Initial Time CDR and CLS of a Slab (Friedberg et al., 1973)
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368
Jamal T. Manassah
(supposing the probability to be small), and the total excitation energy of the
X
2
sample is
jbðaÞj . The CDR is then
a
0X !
1
!
b *aị b aị
B a
C
d
C,
(12)
ln jbaịj2 ẳ À2ReB
X
@
! 2 A
dt
b ðaÞ
where “∘” is being used to denote vector scalar (dot) product.
At the same time, one can extract a frequency shift by supposing that not the
!
magnitude of b ðaÞ but also its phase is changing. Ideally, supposing that all the
atoms are subject to the same time-dependent factor exp((ÀΓ CDR + iΔΩCLS)t)
! 2
!
!
!
entering into b ðaÞ. Then, one has b *aị b aị ẳ b aị exp2 CDR tị.
One makes the following identifications:
2Re t ẳ 0ịị ẳ Initial CDR,
Im t ẳ 0ịị ẳ Initial CLS,
where
(13a)
(13b)
!
X!
b *aị b_ aị
ẳ
a
X
!
j b aịj2
:
(13c)
a
In the continuum approximation Eq. (13c) can be written
N2 k30
0ị ẳ
!
!0 ! !0
r
r e
ℏ d3 r d3 r e
ð
X À! Á À! Á
À! ! Á À!Á * À!Á
!
ρ r 0 Gi, j r À r 0 e
ρ r bj r :
bi r 0 e
Â d3 r d3 r 0
i, j
(14)
Using expression (11) for the 1D Kernel and assuming that the initial
state is a phase resonant state (i.e., b(z, 0) ¼ exp(ik0z)), we obtain for the
CDR and CLS:
!
CDR C
sin 2 2u0 ị
,
(15)
ẳ
2u0 +
2
4
2u0
CLS ẳ
!
C sin 4u0 ị 4u0
:
4u0
4
(16)
Quantum Electrodynamics of Two-Level Atoms in 1D Configurations
2.3
369
Eigenfunctions and Eigenvalues of a Slab (Friedberg
and Manassah, 2008c,d,e)
The computation of the CDR and CLS at t ¼ 0, discussed in the previous section, consisted essentially of computing an integral whose integrand is a product of factors representing the spatial dependence of
the initial state of the system, the normalized number density profile,
and the Lienard–Wiechert Green’s function. To obtain the time development of the system, an attractive option will be the use of spectral
decomposition.
We note, however, that in this instance, the Green’s function operator is
non-Hermitian. A study of the “orthogonality,” normalization, and completeness of the eigenfunctions of the Lienard–Wiechert operator in 1D will
be the focus of the rest of this subsection.
2.3.1 Functional Form of the Eigenfunctions
o,e
The eigenvalues λo,e
s and eigenfunctions φs (Z) associated with the 1D
kernel are obtained by solving the integral equation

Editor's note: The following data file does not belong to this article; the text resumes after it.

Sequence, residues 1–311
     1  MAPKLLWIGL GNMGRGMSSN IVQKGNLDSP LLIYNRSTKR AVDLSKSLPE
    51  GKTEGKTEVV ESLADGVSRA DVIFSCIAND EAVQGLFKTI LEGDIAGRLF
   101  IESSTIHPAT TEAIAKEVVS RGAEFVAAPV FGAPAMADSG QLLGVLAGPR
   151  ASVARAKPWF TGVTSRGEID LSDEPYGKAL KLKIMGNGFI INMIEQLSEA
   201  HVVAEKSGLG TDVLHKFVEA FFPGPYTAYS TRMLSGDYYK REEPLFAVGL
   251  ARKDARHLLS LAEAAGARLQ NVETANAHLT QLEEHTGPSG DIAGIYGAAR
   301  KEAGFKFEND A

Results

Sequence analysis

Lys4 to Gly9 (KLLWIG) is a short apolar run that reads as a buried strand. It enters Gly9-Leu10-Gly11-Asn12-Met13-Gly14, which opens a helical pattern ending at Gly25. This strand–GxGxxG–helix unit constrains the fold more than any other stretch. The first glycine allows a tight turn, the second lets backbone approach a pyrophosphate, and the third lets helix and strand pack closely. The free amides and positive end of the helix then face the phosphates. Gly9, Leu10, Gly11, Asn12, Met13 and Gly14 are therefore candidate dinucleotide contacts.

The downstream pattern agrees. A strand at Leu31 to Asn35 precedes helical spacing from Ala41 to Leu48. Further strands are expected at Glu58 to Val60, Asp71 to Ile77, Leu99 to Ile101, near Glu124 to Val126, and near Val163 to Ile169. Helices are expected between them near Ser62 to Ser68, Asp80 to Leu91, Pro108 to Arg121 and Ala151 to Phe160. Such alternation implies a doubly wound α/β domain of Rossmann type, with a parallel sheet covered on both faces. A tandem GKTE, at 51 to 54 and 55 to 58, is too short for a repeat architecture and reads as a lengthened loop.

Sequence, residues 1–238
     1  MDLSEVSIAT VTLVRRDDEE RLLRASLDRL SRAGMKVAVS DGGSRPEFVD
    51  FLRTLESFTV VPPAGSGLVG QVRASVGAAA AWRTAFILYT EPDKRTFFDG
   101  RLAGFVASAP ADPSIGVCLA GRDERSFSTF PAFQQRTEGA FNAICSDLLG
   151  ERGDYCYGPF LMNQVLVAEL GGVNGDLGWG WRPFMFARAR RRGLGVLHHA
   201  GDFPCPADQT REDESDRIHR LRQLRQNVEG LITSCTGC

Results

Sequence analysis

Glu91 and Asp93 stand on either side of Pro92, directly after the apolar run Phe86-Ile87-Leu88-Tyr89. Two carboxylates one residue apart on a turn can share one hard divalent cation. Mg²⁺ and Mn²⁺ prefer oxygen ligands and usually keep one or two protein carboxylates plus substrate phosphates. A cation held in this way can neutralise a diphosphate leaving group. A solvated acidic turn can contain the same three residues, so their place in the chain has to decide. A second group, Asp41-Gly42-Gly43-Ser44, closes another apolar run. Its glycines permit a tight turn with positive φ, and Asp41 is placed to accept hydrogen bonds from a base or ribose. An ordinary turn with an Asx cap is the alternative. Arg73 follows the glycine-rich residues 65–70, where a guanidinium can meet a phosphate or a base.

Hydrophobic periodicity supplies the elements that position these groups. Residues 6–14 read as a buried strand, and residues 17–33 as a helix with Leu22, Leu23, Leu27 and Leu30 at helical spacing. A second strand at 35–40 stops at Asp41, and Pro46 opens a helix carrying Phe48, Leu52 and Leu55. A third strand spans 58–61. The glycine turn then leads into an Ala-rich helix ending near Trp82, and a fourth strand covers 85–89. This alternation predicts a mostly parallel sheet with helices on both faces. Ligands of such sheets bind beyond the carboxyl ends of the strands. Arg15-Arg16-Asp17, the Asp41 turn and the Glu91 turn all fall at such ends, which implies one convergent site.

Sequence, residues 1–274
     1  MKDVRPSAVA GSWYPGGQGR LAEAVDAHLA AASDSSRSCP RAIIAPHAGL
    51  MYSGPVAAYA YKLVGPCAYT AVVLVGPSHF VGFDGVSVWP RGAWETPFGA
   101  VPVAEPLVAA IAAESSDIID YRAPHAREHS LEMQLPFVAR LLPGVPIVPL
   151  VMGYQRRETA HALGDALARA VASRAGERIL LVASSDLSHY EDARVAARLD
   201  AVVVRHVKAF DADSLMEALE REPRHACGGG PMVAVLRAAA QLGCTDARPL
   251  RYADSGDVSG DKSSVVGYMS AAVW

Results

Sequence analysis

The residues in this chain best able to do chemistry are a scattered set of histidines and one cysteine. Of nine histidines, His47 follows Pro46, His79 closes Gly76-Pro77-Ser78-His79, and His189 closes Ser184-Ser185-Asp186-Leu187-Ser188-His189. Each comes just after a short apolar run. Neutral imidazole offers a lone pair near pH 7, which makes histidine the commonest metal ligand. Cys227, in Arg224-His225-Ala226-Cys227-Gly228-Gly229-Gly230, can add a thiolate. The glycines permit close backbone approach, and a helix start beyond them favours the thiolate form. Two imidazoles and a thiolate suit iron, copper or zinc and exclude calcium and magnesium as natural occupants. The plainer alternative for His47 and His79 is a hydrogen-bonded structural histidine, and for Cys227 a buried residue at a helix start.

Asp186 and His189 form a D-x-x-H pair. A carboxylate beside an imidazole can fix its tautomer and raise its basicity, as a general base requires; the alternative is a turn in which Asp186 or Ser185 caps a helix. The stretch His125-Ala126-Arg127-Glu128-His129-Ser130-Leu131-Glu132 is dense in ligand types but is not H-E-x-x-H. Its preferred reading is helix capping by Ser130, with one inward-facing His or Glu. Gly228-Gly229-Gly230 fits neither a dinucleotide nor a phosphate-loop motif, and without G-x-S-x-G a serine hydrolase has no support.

Ck0
so, e so, e zị ẳ
2
z0
dz0 expðik0 jz À z0 jÞφso, e ðz0 Þ:
(17)
Àz0
This integral equation admits two families of solutions, where the superscript refers, respectively, to (odd, even) parity in space, which are given,
respectively, by
À
os Z ị ẳ sin vos Z ,
(18)
e
e
s Z ị ẳ cos vs Z ,
(19)
where Z ẳ z/z0. The complex wavevectors (vos , ves ) are solutions of the transcendental equations
À Á u0
(20)
cot v0s ¼ i o ,
vs
À Á
u0
(21)
tan ves ¼ Ài e ,
vs
where u0 ¼ k0z0 and s is the index of the solution. We plot in Figs. 4 and 5
the values of the odd and even complex wavevectors as a function of the
index s for a slab having u0 ¼ 10.25π.
À Á
We find that for odd modes ðs À 12Þπ < Re vos < sπ, while for even mode
À Á
ðs À 1Þπ < Re ves < ðs À 12Þπ.
370
Jamal T. Manassah
(a)
Re(vo)
60
50
40
30
20
10
o
o
o
o
o
o
o
o
o
o
5
10
5
10
o
o
o
o
o
o
15
o
o
o
o
20
(b)
Im(vo)
o
−0.5
−1.0
o
o
o
o
o
15
o
o
o
o
−1.5
o
o
20
s
s
o
o o
o o
o
o o
Fig. 4. (a) The real and (b) imaginary parts of the wavevectors for the odd modes are
plotted as a function of the index s. u0 ¼ k0z0 ¼ 10.25π.
Associated with the above eigenfunctions are the temporal eigenvalues
λos , e ¼ i
Cu20
À Á2 :
u20 À vos , e
(22)
The normalized eigenvalues are defined as Λs ¼ λs/C. We plot in Figs. 6
and 7 the locus in the complex plane of the odd and even eigenmodes. We
note that for the considered value of u0 ¼ 10.25π in these figures,
max(Re(Λ)) would belong to the even mode whose Re(ves ) % u0, while
for u0 ¼ 10.75π (not shown), max(Re(Λ)) would belong to the odd mode
whose Re(vos ) % u0. This is a general feature for any value of u0, having,
À
Á
À
Á
respectively, the values m + 14 π and m + 34 π. For values of u0 having
the values mπ or ðm + 12Þπ, two modes, one odd and one even have nearly
the max(Re(Λ)). This is, as will be pointed out in the remarks at the end
of this section, the source of asymmetry observed in the numerical simulation of superradiant emission for slabs with these particular thicknesses.
371